When Shipping Container Architecture Goes Bad…Apocalypse Bad

[left image via LOT-EK, right via io9]

Shipping Container Architecture will not. go. away. MVRDV’s Container City and LOT-EK’s Mobile Dwelling Unit (above left) are two of the most famous examples, but the irrepressible Adam Kalkin and other makeshift shipping magnates continue to explore the possibilities of a cargo-friendly living — so much so that there was even talk of a shipping container shortage last summer! Enough is enough. And for the final nail in the coffin, see concept designer B. Börkur Eiríksson’s dark vision of a smoggy dystopic future where we’re all crammed into mile-high towers by colossal mobile crane systems.

[image via io9]

Look familiar? Both of the aforementioned projects, Container City and the Mobile Dwelling Unit, have similarities to Eiríksson’s concept drawing. The MDU system is premised on a series of enormous “vertical harbors” installed in every major city around the world. Want to do some traveling? Take your home with you and dock it with the convenient crane. And MVRDV’s Container City? Well even in the original renderings, residents stand casually while fires burn in the center of their (fireproof?) complex:

[image via MVRDV]

If that doesn’t scream distopia, I don’t know what does.

&#183 Welcome to Your New City, Where You Will Live in Stacked Boxes [io9]

3 replies on “When Shipping Container Architecture Goes Bad…Apocalypse Bad”

Enough is enough? What the heck is that supposed to mean? If people have visions for how they would use a particular material, why not let them expound on it until the cows come home. I don’t see anyone saying, hey, we’ve used wood, concrete and steel for centuries, enough is enough, let’s not use those materials any more. Quite frankly, I can’t even find the point of this rather cryptic article. If you can’t promote creative and alternative ideas, then get the heck out of the way so that others can thrive.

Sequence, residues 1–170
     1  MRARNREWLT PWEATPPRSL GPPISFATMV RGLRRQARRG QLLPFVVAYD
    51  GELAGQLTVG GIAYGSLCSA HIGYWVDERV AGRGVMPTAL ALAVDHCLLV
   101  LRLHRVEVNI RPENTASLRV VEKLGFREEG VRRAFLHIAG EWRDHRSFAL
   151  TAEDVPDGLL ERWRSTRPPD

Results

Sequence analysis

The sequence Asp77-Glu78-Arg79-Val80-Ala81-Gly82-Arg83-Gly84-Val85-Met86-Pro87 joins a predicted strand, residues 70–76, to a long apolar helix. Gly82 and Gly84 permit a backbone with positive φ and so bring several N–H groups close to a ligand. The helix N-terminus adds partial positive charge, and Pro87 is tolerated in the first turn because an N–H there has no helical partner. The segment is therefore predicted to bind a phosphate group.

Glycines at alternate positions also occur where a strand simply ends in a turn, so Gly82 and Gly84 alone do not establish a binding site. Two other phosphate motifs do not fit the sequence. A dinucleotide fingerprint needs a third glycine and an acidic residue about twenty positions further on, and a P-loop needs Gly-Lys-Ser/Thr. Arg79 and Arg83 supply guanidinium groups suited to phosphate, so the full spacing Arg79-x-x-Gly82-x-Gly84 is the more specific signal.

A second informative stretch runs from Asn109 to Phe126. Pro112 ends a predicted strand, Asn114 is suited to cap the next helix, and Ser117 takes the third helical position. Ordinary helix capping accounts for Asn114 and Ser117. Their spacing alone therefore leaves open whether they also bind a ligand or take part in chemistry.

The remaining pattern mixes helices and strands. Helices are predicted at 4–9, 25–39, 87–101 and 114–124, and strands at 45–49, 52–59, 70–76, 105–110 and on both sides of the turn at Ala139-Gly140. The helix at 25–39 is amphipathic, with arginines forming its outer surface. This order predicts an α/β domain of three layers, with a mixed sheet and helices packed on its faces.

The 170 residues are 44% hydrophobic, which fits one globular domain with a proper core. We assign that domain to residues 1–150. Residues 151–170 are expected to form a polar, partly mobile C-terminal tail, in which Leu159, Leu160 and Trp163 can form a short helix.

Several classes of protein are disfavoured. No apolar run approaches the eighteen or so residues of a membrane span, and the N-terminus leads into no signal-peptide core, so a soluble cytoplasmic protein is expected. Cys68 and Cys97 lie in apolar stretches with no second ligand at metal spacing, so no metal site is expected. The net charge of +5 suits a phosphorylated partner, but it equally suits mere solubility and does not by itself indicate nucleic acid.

Comments should not be allowed on sites like this. It is inevitable to wander down to the last pixel of information and encounter the absurd, shallow and recurrent critics of no-ones like me.

Cool take on the container architecture but there seems to be a disconnect. The apocolyptic above is the equivalent of showing burning wood buildings and then condemning wood structures as not worthy. Google search the work of Peter DeMaria in LA. his container projects make you wnat to move into a steel box. Has many real projects, not just “doomsday” visionary renderings! Built alll types of residential, commercial, artist studios, corporate data centers and hotel buildings with containers and the projects are damn good. The images above are great eye candy for the anti-Norman Rockwellians however I prefer to view reality as it exists. Go containers! good post – prompted me to contribute!

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